It’s here that Viking’s way of thinking really pays off. Rather than charging guests for each excursion, Viking offers at least one (and sometimes two or three) complimentary shore excursions in each port of call. Appropriately, today’s Viking Experience was a complimentary half-day tour of the UNESCO World Heritage Site at L’Anse aux Meadows.
What’s truly remarkable about Viking’s decision to call on L’Anse aux Meadows is just how difficult it is to get here by any other means. More ships call on Greenland than they do here, and those that do are typically small, expensive expedition cruises. The visit is more than memorable as it offers the opportunity to imagine yourself, 500 years before Columbus, stepping off your late 10th century ship with Viking Leif Eriksson as he led the first European landing. As you wander the rugged seaside setting on the northernmost tip of Newfoundland, see millennium-old remains, and tour a Viking sod longhouse, you’ll gain a new appreciation for the courage of the Vikings.
Saguenay Fjord National Park - courtesy of ©TO/Outpost
Viking Star bypassed bigger-name ports like St. John’s and Charlottetown in favor of petite Saguenay, Quebec – and the townspeople of the city let those onboard know how happy they were. I was awoken bright and early in the morning by the sound of a francophone man’s voice coming over a loudspeaker, and looked out to see dozens of locals crowding the quay. They were dressed in period costumes and danced with guests and crew in the brilliant sunshine.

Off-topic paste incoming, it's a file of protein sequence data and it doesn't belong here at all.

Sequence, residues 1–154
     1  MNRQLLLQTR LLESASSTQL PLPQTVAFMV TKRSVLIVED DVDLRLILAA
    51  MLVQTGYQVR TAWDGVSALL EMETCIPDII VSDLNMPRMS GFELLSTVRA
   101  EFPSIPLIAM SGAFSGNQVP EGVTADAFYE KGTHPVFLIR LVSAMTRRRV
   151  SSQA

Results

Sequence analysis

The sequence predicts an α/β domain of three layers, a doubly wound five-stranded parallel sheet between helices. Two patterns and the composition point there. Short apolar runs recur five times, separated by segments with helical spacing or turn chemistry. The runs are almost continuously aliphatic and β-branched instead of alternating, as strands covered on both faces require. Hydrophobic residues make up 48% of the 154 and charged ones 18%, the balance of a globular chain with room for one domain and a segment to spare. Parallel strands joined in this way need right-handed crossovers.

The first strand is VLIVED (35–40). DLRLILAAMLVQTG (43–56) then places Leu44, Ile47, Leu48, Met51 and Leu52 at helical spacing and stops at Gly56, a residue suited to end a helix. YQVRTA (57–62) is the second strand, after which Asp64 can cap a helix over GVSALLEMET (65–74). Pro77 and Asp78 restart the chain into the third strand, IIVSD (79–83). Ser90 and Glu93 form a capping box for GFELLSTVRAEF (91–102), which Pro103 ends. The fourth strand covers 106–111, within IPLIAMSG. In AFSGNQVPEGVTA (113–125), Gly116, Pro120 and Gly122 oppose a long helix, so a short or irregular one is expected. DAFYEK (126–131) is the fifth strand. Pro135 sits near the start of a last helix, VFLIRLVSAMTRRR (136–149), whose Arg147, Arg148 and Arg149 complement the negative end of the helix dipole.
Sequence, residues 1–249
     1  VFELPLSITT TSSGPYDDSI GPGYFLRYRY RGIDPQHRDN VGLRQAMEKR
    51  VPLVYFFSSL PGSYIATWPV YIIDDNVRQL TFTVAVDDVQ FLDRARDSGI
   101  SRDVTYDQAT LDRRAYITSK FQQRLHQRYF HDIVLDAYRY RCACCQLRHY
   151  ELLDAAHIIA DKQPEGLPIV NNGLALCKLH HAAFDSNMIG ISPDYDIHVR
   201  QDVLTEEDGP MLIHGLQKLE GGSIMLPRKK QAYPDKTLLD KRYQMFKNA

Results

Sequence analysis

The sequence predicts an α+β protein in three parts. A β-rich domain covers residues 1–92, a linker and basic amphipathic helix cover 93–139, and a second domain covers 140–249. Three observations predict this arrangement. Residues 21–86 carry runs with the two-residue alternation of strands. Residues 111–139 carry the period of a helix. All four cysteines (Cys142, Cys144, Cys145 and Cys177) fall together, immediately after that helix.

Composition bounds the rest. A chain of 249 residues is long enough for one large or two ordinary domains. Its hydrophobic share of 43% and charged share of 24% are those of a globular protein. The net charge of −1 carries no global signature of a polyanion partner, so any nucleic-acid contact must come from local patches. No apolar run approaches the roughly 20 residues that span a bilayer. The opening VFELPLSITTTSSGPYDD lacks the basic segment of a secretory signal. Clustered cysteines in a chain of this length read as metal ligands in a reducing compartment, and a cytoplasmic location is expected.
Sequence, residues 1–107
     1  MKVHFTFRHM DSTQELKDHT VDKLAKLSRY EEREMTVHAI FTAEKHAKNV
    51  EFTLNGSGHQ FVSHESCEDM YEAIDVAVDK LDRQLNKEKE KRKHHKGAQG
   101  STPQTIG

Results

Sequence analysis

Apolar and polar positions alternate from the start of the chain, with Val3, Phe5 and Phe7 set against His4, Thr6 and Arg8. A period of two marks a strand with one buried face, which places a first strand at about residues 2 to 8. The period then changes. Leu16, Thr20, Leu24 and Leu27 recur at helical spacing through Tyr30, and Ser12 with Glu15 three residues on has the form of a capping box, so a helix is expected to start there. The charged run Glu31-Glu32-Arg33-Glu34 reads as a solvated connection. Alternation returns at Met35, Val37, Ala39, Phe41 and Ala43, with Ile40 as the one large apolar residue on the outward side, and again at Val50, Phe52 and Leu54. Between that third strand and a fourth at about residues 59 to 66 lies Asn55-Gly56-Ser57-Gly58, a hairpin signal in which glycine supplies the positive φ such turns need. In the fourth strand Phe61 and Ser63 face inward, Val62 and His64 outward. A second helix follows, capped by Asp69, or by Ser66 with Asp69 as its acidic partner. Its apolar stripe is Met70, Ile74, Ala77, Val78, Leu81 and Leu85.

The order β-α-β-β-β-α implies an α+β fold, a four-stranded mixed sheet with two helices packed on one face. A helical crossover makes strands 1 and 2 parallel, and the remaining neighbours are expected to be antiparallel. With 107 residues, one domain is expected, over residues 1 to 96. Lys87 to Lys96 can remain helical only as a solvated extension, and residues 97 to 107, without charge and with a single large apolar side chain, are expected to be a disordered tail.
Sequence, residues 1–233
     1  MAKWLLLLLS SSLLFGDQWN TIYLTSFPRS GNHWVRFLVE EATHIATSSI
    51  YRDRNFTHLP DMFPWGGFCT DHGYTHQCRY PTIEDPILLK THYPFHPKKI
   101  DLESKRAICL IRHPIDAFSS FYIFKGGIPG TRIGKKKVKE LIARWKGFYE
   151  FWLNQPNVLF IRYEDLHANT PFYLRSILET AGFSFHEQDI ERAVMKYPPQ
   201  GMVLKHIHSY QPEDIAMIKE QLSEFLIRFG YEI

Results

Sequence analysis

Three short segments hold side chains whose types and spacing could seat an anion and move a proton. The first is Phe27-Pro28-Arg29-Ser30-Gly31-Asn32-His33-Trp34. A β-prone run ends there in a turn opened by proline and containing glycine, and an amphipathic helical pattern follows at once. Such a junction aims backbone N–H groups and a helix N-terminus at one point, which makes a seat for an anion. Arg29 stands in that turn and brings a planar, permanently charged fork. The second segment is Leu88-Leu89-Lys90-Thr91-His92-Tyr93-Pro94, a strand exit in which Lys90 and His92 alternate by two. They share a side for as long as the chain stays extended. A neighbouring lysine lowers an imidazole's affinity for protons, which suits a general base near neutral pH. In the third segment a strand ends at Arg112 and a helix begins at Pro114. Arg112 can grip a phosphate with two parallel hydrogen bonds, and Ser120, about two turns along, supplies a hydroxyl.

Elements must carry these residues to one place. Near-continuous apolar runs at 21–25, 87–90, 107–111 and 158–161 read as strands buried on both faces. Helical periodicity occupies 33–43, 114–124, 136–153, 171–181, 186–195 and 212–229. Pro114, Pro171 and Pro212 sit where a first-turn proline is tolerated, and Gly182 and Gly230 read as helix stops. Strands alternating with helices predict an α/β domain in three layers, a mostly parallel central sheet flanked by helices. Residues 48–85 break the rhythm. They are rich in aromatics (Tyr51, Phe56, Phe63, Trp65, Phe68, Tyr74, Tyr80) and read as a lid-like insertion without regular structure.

The scent of homemade blueberry pies wafted through the air, with guests being offered a slice as they disembarked, along with local blueberry juice and traditional maple syrup, served up on a stick, over ice, just like the old days. Our local host welcomed us to Quebec, then turned in the direction of Viking Star’s navigation bridge. “Captain!”, he said, “Blow your horn!” A minute later, Viking Star’s deep whistles echoed off the mountains of Saguenay Fjord.
Saguenay should be on any cruiser’s wish-list. A quaint town with plenty of Quebecois charm, just strolling its tidy streets and enjoying a bowl of poutine (a local dish with French fries, cheese curds and gravy) should satisfy most. For others, Viking pulled out all the stops here, with flightseeing tours of the Saguenay Fjord; home-hosted visits where locals invited guests in for tea, coffee and homemade desserts; and in-depth explorations of the countryside.